Random encounters are some of the most frequently employed features in recent video games. These encounters — which occur at arbitrary points when exploring the game world — have their roots in early editions of tabletop role-playing games, or RPGs, such as Dungeons & Dragons, which have come to inform much about modern role-playing video games.
For some notable video games in the 1980s and ’90s, such as the initial Pokemon and Final Fantasy titles, random encounters would constitute the majority of the gameplay. This design choice resonated in part because it successfully leveraged player’s anticipation of new surprises lurking around every corner and strengthened the parallel between gameplay and narrative. In most Pokemon games, for example, players will sporadically encounter randomized wild Pokemon, but only when traveling in tall grass or treacherous caverns. This decision feeds players’ “gotta catch ‘em all” impulses, spurring them to explore the world’s most dangerous corners in order to collect every unique Pokemon.
In the decades since these titles, the technologies used to develop and play video games have undergone seismic advancements. Developers have, for one, grown more capable of building massive, visually captivating worlds that command awe through sheer scale. When The Elder Scrolls V: Skyrim was released in 2011, obsequious adulation was thrust upon its vast environments, seemingly packed with infinite quest lines — never mind the fact that most randomly triggered missions simply repeated tedious quests from earlier, just in new locations.
Today, a full console generation has passed since Skyrim’s release, but the endurance of archaic random encounters suggests that game design has largely not evolved to complement the sleeker technology. While the early Pokemon games fostered immersion by using random encounters to fill the world with new possibilities, the mind-blowing technical quality of titles such as Marvel’s Spider-Man has made it infinitely easier to detect which elements genuinely unfold out of circumstance and which are simply plucked from a set of predetermined occurrences.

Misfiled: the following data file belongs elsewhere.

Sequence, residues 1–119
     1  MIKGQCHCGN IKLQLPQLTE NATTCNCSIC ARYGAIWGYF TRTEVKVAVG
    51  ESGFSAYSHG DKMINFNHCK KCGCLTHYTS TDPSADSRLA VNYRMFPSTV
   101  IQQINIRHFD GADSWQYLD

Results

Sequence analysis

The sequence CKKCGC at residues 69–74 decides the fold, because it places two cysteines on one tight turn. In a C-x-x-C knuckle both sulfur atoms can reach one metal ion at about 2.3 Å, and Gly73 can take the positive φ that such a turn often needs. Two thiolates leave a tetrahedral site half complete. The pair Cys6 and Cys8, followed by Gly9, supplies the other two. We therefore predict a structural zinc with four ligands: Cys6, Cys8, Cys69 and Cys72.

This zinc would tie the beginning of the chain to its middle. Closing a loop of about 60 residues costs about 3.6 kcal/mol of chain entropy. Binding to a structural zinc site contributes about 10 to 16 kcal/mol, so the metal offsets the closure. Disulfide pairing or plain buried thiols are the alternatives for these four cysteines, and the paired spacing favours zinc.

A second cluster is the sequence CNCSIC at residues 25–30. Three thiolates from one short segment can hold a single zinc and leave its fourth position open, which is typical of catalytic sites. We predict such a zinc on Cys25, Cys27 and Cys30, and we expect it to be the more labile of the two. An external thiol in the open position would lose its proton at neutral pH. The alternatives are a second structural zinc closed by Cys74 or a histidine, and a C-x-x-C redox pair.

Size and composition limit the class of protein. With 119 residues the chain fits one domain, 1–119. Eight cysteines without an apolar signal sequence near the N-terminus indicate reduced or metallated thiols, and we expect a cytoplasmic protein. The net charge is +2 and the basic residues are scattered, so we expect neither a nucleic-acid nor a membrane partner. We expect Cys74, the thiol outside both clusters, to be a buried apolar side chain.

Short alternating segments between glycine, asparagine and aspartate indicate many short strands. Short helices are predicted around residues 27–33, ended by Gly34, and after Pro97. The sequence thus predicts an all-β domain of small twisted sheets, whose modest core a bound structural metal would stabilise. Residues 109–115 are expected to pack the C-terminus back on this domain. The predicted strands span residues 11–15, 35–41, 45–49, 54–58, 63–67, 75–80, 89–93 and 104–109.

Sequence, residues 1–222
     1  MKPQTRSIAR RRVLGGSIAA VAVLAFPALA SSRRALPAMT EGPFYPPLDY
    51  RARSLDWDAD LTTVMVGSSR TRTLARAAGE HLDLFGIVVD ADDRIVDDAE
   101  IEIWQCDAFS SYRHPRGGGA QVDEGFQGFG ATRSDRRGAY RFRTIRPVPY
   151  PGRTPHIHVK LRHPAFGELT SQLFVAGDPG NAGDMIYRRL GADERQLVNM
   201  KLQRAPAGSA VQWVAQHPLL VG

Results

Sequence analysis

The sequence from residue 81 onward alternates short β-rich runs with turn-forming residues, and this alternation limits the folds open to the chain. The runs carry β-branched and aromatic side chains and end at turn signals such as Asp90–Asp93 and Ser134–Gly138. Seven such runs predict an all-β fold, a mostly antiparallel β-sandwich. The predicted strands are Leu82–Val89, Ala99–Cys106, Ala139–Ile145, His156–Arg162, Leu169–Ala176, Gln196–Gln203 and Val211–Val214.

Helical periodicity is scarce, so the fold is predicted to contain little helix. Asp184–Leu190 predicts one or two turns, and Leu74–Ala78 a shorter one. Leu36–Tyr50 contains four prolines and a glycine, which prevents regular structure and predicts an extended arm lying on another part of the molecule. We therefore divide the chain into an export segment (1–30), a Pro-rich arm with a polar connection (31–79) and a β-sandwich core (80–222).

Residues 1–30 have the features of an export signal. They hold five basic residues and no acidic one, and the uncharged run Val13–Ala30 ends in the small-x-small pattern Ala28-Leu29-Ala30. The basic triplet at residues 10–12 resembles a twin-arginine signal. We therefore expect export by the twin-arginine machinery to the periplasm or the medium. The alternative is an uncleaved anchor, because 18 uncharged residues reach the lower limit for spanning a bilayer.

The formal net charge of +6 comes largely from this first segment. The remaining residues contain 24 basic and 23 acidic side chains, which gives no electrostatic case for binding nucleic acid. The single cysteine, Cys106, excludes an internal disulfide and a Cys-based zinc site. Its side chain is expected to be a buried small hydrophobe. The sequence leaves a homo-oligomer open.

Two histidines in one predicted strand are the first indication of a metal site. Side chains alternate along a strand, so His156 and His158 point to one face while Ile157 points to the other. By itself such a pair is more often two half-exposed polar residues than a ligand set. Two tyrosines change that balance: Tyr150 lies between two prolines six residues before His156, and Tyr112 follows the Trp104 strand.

Often, when web slinging around New York as Spider-Man, players will be notified of a nearby crime in progress. These randomized missions provide an opportunity for Marvel’s Spider-Man to satisfy players’ superhero fantasies by allowing them to choose to save civilians. However, after halting just a handful of street crimes, players will recognize that these missions only play out in one of several scripted ways. As such, random encounters in Marvel’s Spider-Man are consistently less meaningful or surprising than the linear story missions, and players soon find themselves skipping straight to the plot — often creating immersion-shattering moments in which Spider-Man doesn’t intervene in hostage situations because they’re simply not very fun to play.
The Witcher 3: Wild Hunt, on the other hand, is a rare open world RPG that eschews randomized enemy encounters and is greatly improved for it. Each enemy is deliberately positioned, with features of the map purposely utilized to invite exploration. This system works best when protagonist Geralt, a monster hunter who offers his services for pay, picks up an optional contract from the message board of a wayside hamlet. After investigating the circumstances of a monstrous occurrence, players must use the game lore to figure out which particular creature they have been contracted to hunt, what its weaknesses are and how best to approach the battle. Witcher 3’s game design is far more successful at crafting the illusion of a truly infinite universe than any random encounter-heavy titles.
What Marvel’s Spider-Man and Witcher 3 have in common is their epic scope and emphasis on exploration. The misuse of random encounters, however, is a symptom of open-world RPG elements being shoehorned into games that don’t call for them. This is often done purely to pad content and create the facade of a more complete experience, even though a shorter, refined experience would be more memorable and enjoyable.
Earlier this year, narrative game design reached an immersive peak with The Last of Us Part II. Though not quite an open world, developer Naughty Dog added a variety of traversable paths and secret areas with hidden enemies, collectibles and supplies. This places a unique emphasis on player choice — exploring an optional section can allow players to stock up, but carries the risk of taking damage and wasting resources. Had Naughty Dog added randomized encounters, Last of Us Part II’s narrative thrust would constantly be thwarted by the fact that combat is arbitrary and not carefully orchestrated to match the dramatic tension of the story.
Every combat sequence in Last of Us Part II is motivated by character or player choice — and the gameplay is versatile enough that each encounter is played out as a mix of chance and player agency. With a Marvel’s Spider-Man follow-up entitled Miles Morales set for release on PlayStation 5 in November, one can only hope that developers Insomniac Games have taken note of Naughty Dog’s exceptional approach to interactive storytelling and will leverage the new console generation’s hardware upgrades to craft a more focused, immersive game — not a bigger one.